Old Saint Basil's Cathedral in MoscowJohnson's Russia List title and scenes of Saint Petersburg
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#13 - JRL 7213
Moscow News
June 4-10, 2003
Ghost of the Gulag
By Sergei Sossinsky

On May 29 I was meeting a train, which was bringing back home several residents of Kostroma who had visited St. Petersburg in the days of the celebration of that exquisite city's 300th anniversary.

Across from the platform, at which the St. Petersburg express was to arrive, stood a long train of mail carriages, what is known in Russia as a postal-baggage train. A small sign on one of the carriages announced that it was traveling from Yekaterinburg to St. Petersburg.

About fifteen minutes before the arrival of the train traveling in the opposite direction from St. Petersburg, I heard a dog barking loudly from the head of the Yekaterinburg train. As an avid dog lover I decided to go and see what was going on.

As I approached the scene of the commotion, I was shocked to see that I was about to witness an episode not of canine but of human life, if the word "human" can be applied to this occasion.

Across from the first carriage of the train behind the diesel locomotive stood two small trucks with big metal boxes in the back of the driver's cab, each with a tiny barred window.

Between the railway carriage and the trucks stood a dozen or so men in army fatigues clutching Kalashnikovs. One of the men just barely managed to restrain a German shepherd that was barking furiously and seemed keen to get a taste of human flesh.

Then a poorly dressed, emaciated man carrying a couple of plastic bags (probably his only possessions in this world) popped out of the carriage door and ran across to one of the trucks. He was urged on by cries of the guards "Double quick! Run!" and the barking of the savage dog.

The stream of prisoners seemed endless. Then the process was reversed, and the jailbirds from the other truck ran over to the train.

I came closer to the scene, although it was obviously dangerous. The guards eyed me suspiciously. And even a railway crew moving along the tracks stopped and waited for the transfer to be completed.

I felt extremely vulnerable; the only thing that separated me from those degraded human beings was the passport with a registration stamp in it. It was so easy for a police officer to demand my passport, then burn it before my eyes or throw it away, and there was not a thing in the world I could do. As a person without a document I could be thrown into prison and kept there as long as the police wanted to keep me. Yes, there are laws nominally protecting citizens from arbitrary police action, but they have little relation to life. In this country an individual is absolutely helpless against the police.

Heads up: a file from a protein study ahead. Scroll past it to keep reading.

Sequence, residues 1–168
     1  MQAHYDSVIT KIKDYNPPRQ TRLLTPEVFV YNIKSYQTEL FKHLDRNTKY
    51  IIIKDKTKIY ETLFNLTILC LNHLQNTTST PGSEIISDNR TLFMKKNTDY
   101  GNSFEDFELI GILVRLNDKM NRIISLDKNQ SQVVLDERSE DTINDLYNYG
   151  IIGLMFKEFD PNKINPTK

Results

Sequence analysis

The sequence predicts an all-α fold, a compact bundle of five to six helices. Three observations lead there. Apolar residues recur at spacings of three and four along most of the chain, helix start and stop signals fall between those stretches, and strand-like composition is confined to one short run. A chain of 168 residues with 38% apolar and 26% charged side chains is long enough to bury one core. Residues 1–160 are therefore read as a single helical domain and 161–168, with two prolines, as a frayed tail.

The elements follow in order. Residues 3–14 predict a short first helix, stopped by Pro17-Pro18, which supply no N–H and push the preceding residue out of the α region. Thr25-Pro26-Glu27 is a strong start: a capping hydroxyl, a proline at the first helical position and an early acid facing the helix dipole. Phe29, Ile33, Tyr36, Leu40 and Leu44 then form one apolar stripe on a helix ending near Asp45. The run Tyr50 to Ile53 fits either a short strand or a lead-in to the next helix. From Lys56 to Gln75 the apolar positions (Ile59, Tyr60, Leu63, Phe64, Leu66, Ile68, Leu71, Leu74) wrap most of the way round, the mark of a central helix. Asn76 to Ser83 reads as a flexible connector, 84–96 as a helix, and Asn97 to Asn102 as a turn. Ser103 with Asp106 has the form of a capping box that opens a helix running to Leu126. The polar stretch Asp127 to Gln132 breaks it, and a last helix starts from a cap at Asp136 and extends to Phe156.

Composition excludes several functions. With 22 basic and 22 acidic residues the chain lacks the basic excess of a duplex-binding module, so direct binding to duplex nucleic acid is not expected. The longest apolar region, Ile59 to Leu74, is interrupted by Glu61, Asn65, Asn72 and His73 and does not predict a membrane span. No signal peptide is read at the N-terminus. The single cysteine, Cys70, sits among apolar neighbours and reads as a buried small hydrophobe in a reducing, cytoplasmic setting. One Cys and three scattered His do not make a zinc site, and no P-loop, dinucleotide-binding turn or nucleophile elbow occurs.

A huge bulk of a man in fatigue uniform, his foot on the steps of the railway car, stood and apparently supervised the process. When the men running from the truck to the carriage seemed to be moving too slowly, he would hit them from behind with all his might. It was a scene from a lousy Soviet film about the Gestapo.

Then a little boy of perhaps eleven jumped out with his bags, he was completely disoriented, and the dozen guards, heavily armed and wearing bulletproof vests, indicated the direction in which he was to run. What was this a scene from?

A few minutes later it was the turn of an old woman. She thrust her bags into the truck and then, pushed from behind by another guard, clambered inside.

Then an officer came out of the train carriage with some papers. Apparently these were the documents according to which prisoners were being routed to different places.

Finally, the guards shut the doors of the trucks, got into the drivers' cabs and into a Russian jeep, and the vehicles drove off.

I was left to think about the scene. I had just seen human beings who looked like pursued animals. The degree of their degradation was difficult to describe. Yet there were nearly a million of them in the country. The tremendous force brought to bear against the prisoners, however, showed that the authorities were afraid of these people, and I think I now know why.

The trucks had hardly left when the two carriages of the train from St. Petersburg arrived.

The Kostroma people who had been in St. Petersburg for the celebrations were unanimous on one point: At least for ordinary people the festivities were a disappointment. All the events seemed to have been designed exclusively for VIPs, and the center of St. Petersburg was filled with people roaming the streets and squares in search of something to look at. The regattas and parades were all too far away for the crowds to see. "I spent the week in St. Petersburg just as I always do when I visit the city," said one lady.

Well, if the visitors to St. Petersburg had gotten no close-ups of the celebrations, I had caught a close-up of grim life at the station in Kostroma that I was not likely to forget in a hurry.

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